This good/bad distinction – analogous to the similarly vapid distinction between ‘good’ (moderate) and ‘bad’ (extreme) Islam insisted on in debates over multiculturalism – nonetheless neatly captures the schizophrenic attitude of the chattering classes towards the monarchy, and the half-baked radicalism which can never quite rouse itself into a genuine political movement. Our Queen, for instance, is unanimously deemed a ‘good’ Royal, carrying out her ‘job’ as head of state with a dignity and sense of duty she is said to have inherited from her dad, the protagonist of The King’s Speech. Even the shoutiest republicans find it impossible to work up an appropriate rage about the dear old lady. How could anyone?
The Crown Prince Charles, however, generally sits on the ‘bad’ end of the divide. He is considered fair sport by journalists on both the left and right, who find bottomless good copy in his publicly vented opinions on modern architecture, environmentalism, and the evils of foie gras. Veteran political commentator Christopher Hitchens, for instance, known for his appetite for taking on the big issues – contemporary warfare, international diplomacy, God – threw himself into an baffling rage over ‘the prospect of a morose bat-eared and chinless man, prematurely aged, and with the most abysmal taste in royal consorts [becoming] head of state, head of the armed forces, and head of the Church of England.’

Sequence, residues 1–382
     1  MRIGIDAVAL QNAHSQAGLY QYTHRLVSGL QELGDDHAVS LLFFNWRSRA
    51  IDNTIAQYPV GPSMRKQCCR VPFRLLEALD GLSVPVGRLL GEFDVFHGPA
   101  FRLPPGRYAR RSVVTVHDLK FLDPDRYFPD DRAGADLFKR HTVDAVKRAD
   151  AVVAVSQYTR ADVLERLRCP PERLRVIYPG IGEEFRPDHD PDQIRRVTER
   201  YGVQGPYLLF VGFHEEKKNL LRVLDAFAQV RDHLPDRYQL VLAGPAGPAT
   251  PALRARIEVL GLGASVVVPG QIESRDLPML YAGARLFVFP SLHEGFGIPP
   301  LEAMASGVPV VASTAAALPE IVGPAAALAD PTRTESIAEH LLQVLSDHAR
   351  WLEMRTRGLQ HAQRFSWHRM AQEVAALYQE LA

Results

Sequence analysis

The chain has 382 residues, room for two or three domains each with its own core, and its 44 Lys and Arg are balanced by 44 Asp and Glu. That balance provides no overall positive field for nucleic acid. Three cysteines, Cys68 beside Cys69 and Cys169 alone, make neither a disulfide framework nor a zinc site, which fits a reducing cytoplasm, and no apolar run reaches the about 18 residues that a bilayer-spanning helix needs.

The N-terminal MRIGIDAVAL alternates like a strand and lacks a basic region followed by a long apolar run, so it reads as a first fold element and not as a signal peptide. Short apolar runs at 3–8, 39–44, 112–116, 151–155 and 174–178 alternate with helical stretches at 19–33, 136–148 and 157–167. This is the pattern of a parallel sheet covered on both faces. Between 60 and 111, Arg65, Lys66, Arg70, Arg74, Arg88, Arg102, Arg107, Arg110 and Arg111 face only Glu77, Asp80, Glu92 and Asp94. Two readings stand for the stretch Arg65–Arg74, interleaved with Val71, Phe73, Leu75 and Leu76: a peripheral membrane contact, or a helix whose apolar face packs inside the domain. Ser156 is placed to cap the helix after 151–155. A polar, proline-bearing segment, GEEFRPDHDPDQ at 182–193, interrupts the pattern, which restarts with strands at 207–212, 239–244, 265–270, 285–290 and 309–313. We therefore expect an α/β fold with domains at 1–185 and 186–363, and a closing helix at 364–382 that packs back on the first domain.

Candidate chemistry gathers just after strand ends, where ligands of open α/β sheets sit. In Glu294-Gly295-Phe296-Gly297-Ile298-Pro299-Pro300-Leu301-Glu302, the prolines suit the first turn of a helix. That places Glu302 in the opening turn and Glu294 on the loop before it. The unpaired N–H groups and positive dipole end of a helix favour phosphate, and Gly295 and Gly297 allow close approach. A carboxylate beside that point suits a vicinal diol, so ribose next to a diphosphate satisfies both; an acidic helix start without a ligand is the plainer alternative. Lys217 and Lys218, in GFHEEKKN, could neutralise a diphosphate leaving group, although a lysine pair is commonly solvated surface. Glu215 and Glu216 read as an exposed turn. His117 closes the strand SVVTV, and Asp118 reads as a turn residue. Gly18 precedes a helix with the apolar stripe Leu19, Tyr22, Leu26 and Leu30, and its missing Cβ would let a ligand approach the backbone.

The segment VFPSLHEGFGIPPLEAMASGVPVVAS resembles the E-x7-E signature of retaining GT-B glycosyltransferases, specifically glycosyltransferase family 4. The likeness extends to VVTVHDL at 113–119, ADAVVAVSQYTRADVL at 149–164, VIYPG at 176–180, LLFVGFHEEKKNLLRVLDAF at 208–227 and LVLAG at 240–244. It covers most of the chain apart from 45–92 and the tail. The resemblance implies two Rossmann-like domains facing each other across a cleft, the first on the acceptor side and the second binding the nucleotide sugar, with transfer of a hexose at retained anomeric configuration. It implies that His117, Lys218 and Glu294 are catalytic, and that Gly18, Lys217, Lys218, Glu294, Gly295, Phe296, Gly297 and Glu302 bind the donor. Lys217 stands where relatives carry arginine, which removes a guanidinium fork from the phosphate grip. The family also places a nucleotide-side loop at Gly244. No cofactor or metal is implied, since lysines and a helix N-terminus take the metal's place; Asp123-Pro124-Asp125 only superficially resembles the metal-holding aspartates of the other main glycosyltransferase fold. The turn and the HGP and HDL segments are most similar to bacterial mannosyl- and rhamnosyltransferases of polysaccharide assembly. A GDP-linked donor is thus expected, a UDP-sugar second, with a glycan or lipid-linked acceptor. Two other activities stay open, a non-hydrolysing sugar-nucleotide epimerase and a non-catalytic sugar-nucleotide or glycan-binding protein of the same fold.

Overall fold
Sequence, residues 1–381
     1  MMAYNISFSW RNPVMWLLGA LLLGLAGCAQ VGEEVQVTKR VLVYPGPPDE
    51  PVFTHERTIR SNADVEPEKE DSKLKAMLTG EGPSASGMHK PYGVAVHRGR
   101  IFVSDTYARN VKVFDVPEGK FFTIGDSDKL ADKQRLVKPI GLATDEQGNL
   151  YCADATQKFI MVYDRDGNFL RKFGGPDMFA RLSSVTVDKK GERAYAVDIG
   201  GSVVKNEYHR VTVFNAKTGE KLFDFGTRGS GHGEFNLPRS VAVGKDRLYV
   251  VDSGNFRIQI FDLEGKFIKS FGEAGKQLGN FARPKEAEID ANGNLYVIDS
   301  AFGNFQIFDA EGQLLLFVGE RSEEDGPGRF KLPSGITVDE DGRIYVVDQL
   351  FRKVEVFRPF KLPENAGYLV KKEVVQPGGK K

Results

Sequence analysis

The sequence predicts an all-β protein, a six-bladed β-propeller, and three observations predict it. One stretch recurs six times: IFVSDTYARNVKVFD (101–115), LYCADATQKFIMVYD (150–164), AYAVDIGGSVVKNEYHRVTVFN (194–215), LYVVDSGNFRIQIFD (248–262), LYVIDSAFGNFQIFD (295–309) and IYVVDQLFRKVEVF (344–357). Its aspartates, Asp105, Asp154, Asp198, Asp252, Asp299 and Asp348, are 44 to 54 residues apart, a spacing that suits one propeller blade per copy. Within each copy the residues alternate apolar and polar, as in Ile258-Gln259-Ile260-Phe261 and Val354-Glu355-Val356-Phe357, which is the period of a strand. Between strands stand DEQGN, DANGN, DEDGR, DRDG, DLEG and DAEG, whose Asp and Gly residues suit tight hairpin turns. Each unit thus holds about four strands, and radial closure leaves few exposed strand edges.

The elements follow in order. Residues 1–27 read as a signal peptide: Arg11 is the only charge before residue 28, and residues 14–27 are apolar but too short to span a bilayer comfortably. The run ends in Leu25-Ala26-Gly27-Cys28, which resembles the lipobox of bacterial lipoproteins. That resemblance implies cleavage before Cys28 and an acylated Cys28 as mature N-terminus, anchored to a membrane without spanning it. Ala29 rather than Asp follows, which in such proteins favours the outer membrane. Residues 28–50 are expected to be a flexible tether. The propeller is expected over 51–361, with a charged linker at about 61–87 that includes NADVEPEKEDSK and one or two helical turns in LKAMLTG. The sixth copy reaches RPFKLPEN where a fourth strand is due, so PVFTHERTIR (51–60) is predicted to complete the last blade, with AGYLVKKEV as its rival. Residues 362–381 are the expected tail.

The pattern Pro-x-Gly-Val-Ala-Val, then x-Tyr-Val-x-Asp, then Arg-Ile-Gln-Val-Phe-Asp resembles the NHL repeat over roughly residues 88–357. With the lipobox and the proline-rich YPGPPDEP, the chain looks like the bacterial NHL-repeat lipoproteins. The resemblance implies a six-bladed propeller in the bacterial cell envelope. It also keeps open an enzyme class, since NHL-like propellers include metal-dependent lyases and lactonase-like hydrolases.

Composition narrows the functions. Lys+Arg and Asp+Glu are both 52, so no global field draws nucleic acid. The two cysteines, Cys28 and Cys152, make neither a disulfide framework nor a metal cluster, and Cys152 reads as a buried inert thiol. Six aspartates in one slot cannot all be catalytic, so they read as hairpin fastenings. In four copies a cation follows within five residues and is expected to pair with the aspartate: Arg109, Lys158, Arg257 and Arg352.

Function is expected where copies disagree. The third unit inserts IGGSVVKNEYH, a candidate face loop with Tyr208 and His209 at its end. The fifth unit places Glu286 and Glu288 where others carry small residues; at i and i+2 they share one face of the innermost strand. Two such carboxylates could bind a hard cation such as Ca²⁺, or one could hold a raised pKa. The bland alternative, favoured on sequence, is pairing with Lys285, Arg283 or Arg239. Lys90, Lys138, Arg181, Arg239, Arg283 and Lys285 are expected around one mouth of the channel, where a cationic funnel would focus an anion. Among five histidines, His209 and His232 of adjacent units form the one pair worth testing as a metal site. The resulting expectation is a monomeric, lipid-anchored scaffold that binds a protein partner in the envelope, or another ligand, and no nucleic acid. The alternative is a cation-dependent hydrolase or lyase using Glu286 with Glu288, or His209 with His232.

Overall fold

This contempt is shared by many in Britain today. The ascension of a ‘bad’ Royal to the head of the nation will likely overturn the British public’s affection and tolerance towards hereditary ‘rule’, bound up as all ceremonial posts are with personality. The sudden appearance of Charles’ ‘bat-eared and chinless’ visage on our pennies and five pound notes could prove the point where festering republican angst develops into an organized campaign with mass support. The monarchy, politically impotent as it is, rests on the mercy of public opinion, and it is hard to see how it could withstand any kind of popular, coordinated opposition. With an elderly Queen, we might well be within the twilight years of the British monarchy. It’s abolition in the next decade cannot be ruled out, ushering in a slew of name changes among our public services and forces (the Royal Mail, the Royal Bank of Scotland, the Royal Air Force, to name but a few), and the installation of a presidency, or something like it. Remember, it’s happened before.